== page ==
“It’s strange to call them barbarians, because they had many things that out-civilized the civilized world,” said Niketic. “They thought the Romans were barbarians.”
Of all the tribes through time, the Vikings are among the most feared, revered, and mysterious.
They raided for food and bounty from the eighth to the 11th centuries. Because their history was mostly oral, what we know of them comes principally from other cultures, whose portrayals weren’t always accurate or flattering.
Here are some essential (and perhaps surprising) details about the people known for their warring ways, ingenuity in shipbuilding, and restless nature, as told by Draugar Vinlands member Dillon Mroz in a presentation he gave in Newbury:
■ Vikings were largely farmers, although their native Scandinavia was harsh and cold, so most harvesting was done on the coast.
■ The first documented raid was in 793 on Lindisfarne, an island off the northeast coast of England.
■ Their travels brought them across Europe, and west to Iceland and Greenland, and perhaps the North American mainland.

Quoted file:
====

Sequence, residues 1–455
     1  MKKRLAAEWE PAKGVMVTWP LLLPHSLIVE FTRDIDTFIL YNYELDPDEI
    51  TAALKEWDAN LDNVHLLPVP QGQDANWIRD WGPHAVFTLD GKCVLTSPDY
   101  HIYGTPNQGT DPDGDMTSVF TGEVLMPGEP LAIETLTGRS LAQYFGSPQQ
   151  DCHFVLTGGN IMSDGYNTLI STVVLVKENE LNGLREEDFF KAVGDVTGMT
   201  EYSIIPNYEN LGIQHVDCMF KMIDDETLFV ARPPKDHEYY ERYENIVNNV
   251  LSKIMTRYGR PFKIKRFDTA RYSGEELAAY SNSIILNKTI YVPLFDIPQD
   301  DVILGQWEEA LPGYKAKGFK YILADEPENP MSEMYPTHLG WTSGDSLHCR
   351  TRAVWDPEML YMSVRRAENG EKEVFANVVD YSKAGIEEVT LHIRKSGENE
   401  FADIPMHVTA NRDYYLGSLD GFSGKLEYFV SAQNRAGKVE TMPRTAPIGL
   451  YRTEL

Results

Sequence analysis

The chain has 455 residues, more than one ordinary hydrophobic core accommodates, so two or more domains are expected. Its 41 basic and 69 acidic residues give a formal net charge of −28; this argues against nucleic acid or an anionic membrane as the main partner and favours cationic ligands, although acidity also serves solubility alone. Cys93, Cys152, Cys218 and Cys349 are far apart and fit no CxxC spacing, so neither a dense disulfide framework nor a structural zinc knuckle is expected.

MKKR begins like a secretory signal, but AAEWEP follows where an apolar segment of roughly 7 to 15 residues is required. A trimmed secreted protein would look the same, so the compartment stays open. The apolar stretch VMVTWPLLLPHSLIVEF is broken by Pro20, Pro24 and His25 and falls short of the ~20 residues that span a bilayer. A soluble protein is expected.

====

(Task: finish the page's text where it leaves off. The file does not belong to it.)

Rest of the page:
■ Crimes among themselves were determined on levels: Murder was involved only if the killer didn’t tell anyone (otherwise it was manslaughter); robbing a person was looked on more harshly than robbing a house.
■ Punishments included running a gantlet (two rows of people pelting the guilty with any number of items, including stones), beheading, and paying compensation.
■ Vikings were polytheistic and believed in a “multiverse.” Their primary god was Odin, while the most popular one was the hammer-wielding Thor, who controlled the elements and protected mankind.
■ Death was observed with funeral pyres, although some respected or wealthy individuals were buried in a longship along with their possessions and slaves.Taryn Plumb can be reached at TarynPlumb1@gmail.com.